Veteran actor Joe Mafela at an SABC party at The Venue in Melrose Arch in March 2011 to celebrate the winners of the SA Film and Television Awards. He died in a car crash at the weekend. Picture: Paballo Thekiso/Independent Media
“It's good, good, good, it’s good, it’s nice,” was the jingle that cemented the late legendary personality Joe Mafela’s name in households across the country.

The actor, who was also well known in the music world, became synonymous with these words as the face of fast-food outlet Chicken Licken’s television commercials in the 1980s and 1990s.

But the renowned comedic giant was acclaimed for dominating almost every sphere of the entertainment industry, with a career spanning decades.

This included starring roles in local movies, soapies and shows Sgudi ‘Snaysi, Going Up and Madam and Eve.

But at the age of 75, Mafela’s life was cut short when he died in a car crash on a Joburg highway.

Joburg metro police department spokesperson Superintendent Edna Mamonyane said he was travelling alone at the time and was confirmed dead at the accident scene on Saturday night.

She said the accident happened at around 9.45pm on the M1 between Houghton Drive and Oxford Road.

Mamonyane explained that Mafela collided with an Isuzu bakkie which hit his Ford Figo on the left side. “The bakkie then hit the barricade and damaged a rear tyre,” she added.

When paramedics arrived on the scene, Mafela was found unconscious. “They tried to revive him but were unsuccessful.”

Mamonyane said the family travelling in the bakkie were not injured in the collision.

Mafela was also not found with any injuries caused by the accident, but Mamonyane said the authorities would probe the incident.

“The matter is under investigation,” she added.

Mafela’s death sent shock waves across the country while #RIPJoeMafela continued to trend on Twitter for most of yesterday.

His nephew Anthony Mafela confirmed the news of his death by tweeting: “Sad news. My uncle Joe Mafela passed on last night.”

President Jacob Zuma yesterday expressed his sadness and sent condolences to the family. “We have learned with sadness of the passing of one of the pioneers of the television comedy loved by all South Africans, young and old.

“Mr Mafela, also affectionately known as Sdumo, was also a television producer and songwriter. The arts and culture industry has been robbed of a bigger than life figure. We wish to extend our heartfelt condolences to (the) Mafela family. May his soul rest in peace,” Zuma said.

Arts and Culture Minister Nathi Mthethwa also conveyed his condolences to Mafela’s loved ones, describing him as a “great artist and a truly generous man” who made an invaluable contribution to the entertainment world.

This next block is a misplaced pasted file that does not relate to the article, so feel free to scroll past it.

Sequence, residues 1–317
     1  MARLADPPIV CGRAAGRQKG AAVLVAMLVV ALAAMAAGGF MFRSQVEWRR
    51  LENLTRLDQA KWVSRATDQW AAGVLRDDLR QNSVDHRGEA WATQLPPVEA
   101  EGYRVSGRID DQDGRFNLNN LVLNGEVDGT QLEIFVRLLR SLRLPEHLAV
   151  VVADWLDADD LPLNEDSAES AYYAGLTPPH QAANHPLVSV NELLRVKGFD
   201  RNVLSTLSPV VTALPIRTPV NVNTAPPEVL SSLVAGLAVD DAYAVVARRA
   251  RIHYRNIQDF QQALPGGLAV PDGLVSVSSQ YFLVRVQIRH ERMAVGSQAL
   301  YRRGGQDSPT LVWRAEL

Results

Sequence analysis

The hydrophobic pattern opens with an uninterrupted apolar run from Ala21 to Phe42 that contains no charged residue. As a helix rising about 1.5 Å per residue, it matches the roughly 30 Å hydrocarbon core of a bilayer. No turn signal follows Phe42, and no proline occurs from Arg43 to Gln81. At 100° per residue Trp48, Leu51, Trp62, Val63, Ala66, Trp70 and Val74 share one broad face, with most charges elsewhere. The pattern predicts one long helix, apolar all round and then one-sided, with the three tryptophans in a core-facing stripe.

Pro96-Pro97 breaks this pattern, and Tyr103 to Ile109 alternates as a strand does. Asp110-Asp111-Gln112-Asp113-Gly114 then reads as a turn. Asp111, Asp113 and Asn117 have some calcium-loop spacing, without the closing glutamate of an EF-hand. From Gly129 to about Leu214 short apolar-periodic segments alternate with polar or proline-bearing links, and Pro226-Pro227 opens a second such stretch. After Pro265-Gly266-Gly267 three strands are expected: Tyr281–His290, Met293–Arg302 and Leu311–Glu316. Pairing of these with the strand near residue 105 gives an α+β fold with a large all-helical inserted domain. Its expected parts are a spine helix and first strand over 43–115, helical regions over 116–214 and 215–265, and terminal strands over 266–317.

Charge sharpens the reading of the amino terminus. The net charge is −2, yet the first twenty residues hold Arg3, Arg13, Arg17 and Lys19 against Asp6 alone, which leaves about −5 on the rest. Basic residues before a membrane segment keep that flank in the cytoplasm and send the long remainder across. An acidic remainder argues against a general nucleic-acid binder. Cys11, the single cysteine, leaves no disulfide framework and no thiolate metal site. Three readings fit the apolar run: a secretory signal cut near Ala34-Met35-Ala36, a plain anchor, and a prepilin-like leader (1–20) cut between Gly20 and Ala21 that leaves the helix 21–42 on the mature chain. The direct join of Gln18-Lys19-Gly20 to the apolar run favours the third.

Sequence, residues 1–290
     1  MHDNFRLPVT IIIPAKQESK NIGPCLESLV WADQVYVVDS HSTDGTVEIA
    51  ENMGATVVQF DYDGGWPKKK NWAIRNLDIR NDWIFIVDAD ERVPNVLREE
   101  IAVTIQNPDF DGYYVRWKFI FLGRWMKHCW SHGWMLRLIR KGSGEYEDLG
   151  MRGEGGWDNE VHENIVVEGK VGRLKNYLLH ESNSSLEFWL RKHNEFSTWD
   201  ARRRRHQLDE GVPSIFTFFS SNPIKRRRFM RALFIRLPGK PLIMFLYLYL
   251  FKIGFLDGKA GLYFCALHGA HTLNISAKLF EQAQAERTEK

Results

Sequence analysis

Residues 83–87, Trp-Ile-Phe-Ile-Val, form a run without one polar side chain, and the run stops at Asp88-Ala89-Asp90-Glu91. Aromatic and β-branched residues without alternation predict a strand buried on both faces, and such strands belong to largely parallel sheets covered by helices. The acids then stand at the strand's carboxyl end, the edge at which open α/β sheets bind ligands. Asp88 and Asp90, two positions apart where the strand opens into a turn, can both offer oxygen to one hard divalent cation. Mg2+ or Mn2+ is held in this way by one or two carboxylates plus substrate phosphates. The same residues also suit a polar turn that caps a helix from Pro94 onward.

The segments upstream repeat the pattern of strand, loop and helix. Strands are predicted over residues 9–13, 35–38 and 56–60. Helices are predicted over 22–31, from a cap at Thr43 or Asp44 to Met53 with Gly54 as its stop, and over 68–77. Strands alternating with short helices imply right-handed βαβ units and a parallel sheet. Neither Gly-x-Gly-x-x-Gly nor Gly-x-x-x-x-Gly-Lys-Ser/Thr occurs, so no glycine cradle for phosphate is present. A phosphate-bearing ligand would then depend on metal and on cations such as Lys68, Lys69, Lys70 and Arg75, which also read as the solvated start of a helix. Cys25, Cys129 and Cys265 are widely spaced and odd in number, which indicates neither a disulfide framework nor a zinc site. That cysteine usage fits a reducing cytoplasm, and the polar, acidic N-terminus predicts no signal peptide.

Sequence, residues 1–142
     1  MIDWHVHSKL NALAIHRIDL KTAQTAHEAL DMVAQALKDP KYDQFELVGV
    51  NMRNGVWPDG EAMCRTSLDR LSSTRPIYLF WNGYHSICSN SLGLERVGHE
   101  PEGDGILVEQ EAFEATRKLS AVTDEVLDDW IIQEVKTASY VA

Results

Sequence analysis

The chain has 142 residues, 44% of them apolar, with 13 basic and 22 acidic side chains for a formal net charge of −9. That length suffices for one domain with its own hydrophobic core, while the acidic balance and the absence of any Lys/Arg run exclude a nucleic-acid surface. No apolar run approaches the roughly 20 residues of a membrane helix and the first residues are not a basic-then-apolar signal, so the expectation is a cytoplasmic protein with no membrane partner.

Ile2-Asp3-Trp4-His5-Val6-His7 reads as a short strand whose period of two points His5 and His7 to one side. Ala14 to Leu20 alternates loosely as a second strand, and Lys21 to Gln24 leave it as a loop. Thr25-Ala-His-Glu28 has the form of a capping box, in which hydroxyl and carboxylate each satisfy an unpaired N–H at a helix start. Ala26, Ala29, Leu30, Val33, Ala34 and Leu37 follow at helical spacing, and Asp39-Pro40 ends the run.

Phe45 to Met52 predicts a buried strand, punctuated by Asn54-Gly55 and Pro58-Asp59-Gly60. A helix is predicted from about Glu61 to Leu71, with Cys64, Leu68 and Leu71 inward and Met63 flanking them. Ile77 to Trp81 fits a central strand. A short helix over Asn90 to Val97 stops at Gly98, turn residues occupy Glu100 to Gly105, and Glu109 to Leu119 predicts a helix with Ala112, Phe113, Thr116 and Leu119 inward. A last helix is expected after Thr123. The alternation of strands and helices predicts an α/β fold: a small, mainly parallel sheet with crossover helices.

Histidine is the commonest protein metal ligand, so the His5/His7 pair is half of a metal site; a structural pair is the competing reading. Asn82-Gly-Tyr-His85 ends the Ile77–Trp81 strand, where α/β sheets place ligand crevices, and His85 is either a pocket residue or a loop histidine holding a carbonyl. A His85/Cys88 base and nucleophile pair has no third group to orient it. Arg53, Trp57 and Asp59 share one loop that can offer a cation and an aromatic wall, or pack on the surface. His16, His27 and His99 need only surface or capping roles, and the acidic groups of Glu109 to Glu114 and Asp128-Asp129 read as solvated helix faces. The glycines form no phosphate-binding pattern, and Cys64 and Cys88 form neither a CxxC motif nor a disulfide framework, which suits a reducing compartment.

“The nation has lost an extraordinary son of the soil.

“Joe Mafela is a household name to all of us, after he spent decades on the big and small screens acting out countless number of roles which showed his versatility.”

Mthethwa was joined by several other political parties, organisations and dignitaries who on Sunday mourned Mafela’s passing.

This includes the MEC for Sport, Arts, Culture and Recreation Faith Mazibuko, who said she was also deeply saddened by Mafela’s death.

She praised him for his work in the arts. “We pay tribute to a doyen of the performing arts in South Africa, a great and prodigious talent, who throughout his life was dedicated as much to the development of society as to the development of the arts,” Mazibuko said.

These sentiments were echoed by Parliament, which said that the renowned personality was a source of inspiration to others.

“Mr Mafela was among the most outstanding actors whose talent was a source of inspiration and pride to generations of South Africans,” spokesperson Moloto Mothapo said.

“His passing is a devastating loss to the arts industry and the nation as a whole.”

Although the Limpopo-born star was most recently known for his role of Tebogo Moroka in the popular local soapie Generations: The Legacy, he had a long and illustrious career.

Mafela also dabbled in the music world. His popular hit Shebeleza was a theme song during the 1996 Africa Cup of Nations soccer tournament.

In 1974, he starred in South Africa’s first black feature film Udeliwe, which gained him a new following among movie-goers.

He won numerous awards, including a Loerie award for his advertising work and best actor in comedy at the South African Film and Television Awards. He also received an Emmy nomination. – Additional reporting by ANA